Unlike some Buddhist organizations, we do not receive any outside funds from any organization, governmental or private. We also do not receive funds from our umbrella organization, the New Kadampa Tradition. We rely solely upon the generosity of our local students.
“Without inner peace, outer peace is impossible.” ~~~ Venerable Geshe Kelsang Gyatso
If I am running late, can I still come to class?
That’s fine. Just slip in quietly and please remember to turn off your cell phone. We welcome you!
What ages of children are suitable for the kids’ classes?
Kids of many ages are welcome to attend our children’s class. Our current group ranges from about age 4 to age 10. Parents are requested to stay with children at the center as we spend quality time with parents while the kids are working on art projects.
Can I bring my child with me to class?
This is up to your discretion. Please remember that other adults in the class will be meditating and trying to listen. Out of consideration for others, if you think your child cannot sit quietly for the duration of the class, it might be a better idea to leave him or her at home. You are welcome to bring your child with a game or book to keep him/her occupied, as long as the game/book does not make any noises.
You may also wish to check out the classes we have at the Center for kids and families.
Frequently Asked Questions About the Center
Do you have regular open hours?
No, not at the moment. Currently, we are open for our daily prayers and meditations as well as our classes. If you would like to drop in without attending these events, we would suggest coming a few minutes early or a few minutes after the event is scheduled to end. Otherwise, just give us a call at 617.942.1730 and we will be happy to schedule a time for you to drop by and look around.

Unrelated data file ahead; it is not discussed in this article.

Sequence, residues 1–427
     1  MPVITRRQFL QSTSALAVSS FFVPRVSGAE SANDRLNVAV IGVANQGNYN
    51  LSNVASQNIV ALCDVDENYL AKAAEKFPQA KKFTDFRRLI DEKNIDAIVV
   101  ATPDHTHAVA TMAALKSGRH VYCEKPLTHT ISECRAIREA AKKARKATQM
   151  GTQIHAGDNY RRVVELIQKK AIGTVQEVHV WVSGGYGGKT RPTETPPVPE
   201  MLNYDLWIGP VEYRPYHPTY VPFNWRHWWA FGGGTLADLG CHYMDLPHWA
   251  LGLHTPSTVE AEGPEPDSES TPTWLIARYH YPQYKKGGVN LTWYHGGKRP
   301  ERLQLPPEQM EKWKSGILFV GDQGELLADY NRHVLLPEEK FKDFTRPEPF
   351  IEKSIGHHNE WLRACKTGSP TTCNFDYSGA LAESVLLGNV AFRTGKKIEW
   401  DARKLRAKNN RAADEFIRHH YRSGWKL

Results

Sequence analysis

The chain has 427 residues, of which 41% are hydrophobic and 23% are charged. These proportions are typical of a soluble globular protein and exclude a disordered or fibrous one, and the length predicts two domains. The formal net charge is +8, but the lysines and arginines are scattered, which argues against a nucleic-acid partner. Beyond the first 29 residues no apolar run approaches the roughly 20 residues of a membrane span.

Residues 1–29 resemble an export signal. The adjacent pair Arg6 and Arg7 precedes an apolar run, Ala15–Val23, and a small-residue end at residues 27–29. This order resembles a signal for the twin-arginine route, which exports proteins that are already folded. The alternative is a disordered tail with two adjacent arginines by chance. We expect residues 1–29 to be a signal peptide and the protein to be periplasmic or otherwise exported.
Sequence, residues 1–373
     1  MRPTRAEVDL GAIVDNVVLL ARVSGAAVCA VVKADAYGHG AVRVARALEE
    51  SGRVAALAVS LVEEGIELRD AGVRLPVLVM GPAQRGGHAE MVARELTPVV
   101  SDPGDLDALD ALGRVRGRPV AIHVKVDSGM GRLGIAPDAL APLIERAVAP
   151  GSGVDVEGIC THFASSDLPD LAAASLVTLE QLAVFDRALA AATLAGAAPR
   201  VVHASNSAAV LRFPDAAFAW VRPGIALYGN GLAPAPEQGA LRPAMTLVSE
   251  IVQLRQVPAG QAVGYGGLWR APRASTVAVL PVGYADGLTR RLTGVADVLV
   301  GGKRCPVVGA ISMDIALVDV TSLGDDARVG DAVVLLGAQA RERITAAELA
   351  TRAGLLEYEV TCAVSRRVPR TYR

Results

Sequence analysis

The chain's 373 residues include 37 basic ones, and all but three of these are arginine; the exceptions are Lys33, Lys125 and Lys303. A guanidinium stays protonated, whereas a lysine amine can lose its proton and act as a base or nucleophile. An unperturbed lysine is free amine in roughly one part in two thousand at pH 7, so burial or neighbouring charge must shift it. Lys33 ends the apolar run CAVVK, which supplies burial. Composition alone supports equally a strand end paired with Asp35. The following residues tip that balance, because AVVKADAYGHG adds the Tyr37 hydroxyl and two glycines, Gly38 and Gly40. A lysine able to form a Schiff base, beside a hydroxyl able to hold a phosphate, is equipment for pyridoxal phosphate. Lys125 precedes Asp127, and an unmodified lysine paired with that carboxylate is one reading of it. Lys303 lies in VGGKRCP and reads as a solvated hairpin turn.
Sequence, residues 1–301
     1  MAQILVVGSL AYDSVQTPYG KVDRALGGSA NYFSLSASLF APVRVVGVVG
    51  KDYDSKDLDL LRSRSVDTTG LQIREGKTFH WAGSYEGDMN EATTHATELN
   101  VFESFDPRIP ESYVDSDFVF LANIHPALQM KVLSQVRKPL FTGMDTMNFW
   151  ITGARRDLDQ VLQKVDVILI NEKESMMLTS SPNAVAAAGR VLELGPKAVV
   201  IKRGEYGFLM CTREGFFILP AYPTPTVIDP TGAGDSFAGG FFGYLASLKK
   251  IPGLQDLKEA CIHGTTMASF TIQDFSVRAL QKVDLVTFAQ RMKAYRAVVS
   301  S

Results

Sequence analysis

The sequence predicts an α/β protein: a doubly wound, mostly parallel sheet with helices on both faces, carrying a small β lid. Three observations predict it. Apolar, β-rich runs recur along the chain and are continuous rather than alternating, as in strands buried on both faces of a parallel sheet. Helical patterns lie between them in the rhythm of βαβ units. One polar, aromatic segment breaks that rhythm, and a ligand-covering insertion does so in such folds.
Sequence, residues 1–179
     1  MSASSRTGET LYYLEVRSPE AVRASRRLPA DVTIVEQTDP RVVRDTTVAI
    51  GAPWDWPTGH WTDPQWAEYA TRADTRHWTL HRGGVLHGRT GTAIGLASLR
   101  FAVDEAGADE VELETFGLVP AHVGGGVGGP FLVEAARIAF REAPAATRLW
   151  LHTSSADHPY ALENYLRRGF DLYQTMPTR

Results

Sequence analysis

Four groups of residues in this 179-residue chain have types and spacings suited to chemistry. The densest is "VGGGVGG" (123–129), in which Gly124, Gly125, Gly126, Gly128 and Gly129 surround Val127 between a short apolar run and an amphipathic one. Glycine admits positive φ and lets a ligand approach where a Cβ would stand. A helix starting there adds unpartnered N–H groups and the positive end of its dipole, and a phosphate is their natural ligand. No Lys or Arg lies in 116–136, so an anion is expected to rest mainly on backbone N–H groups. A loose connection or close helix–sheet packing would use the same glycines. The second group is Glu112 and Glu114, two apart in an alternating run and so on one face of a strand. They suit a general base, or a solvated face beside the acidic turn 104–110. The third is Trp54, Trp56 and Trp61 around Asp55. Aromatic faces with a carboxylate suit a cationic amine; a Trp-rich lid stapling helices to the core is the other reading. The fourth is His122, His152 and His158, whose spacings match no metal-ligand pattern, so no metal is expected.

Who runs the center?
Kadampa Meditation Center Boston is a volunteer organization that is managed by a board of directors and voting members of the local Center. Although no one personally profits from the Center’s activities, some of the Center’s busier managers are eligible to receive a small stipend for living expenses. At our Center, only the Resident Teacher receives financial support as they do not hold down a regular job. The board and local members of the Center elect an Administrative Director (in our case, Deb Acquavella), who acts on behalf of the members to oversee the day-to-day management of the Center. The Administrative Director also appoints a Treasurer (Barbara Bishop), who manages the Center’s funds.
The other two managers who handle the Center’s day-to-day operations are the Resident Teacher (Kyle Davis) and the Education Program Coordinator (Mar York). The job of the Resident Teacher is to serve as the community’s primary teacher and to assist in the creation of the education calendar. The Resident Teacher of any given Kadampa Buddhist Center is appointed by the Education Council Representatives of the New Kadampa Tradition (NKT). The EPC’s main job is to assist in the creation of the education calendar, publicize Center events, and coordinate classes and events.
Are you a stand-alone Buddhist Center or part of a larger network?
We are a member center of the New Kadampa Tradition – International Kadampa Buddhist Union with 1200 Kadampa Centers and branches in 40 countries around the world where people can study and practice the teachings of Buddha.
I’ve never been to a Buddhist Center before. What should I expect?
Our Center is a very mainstream organization, and we know that once you get here, you’ll feel very comfortable.
At our classes, we ask people to stand when the class teacher enters or leaves the room out of respect for the teachings and the teacher. We also ask for people to remove their shoes when entering any of our meditation rooms.
Other than that, there’s nothing special you need to know… Just enjoy!
What’s a good book for beginners?
We think the three best books for new students are How to Solve Our Human Problems, How to Transform Your Life, and Modern Buddhism. Modern Buddhism can also be downloaded for free at eModernBuddhism.com, or for free at Amazon.com as a Kindle book or Barnes & Noble as a Nook book. Download a free copy of How to Transform Your Life here.
For more info about books and readings, please check out Tharpa Publications.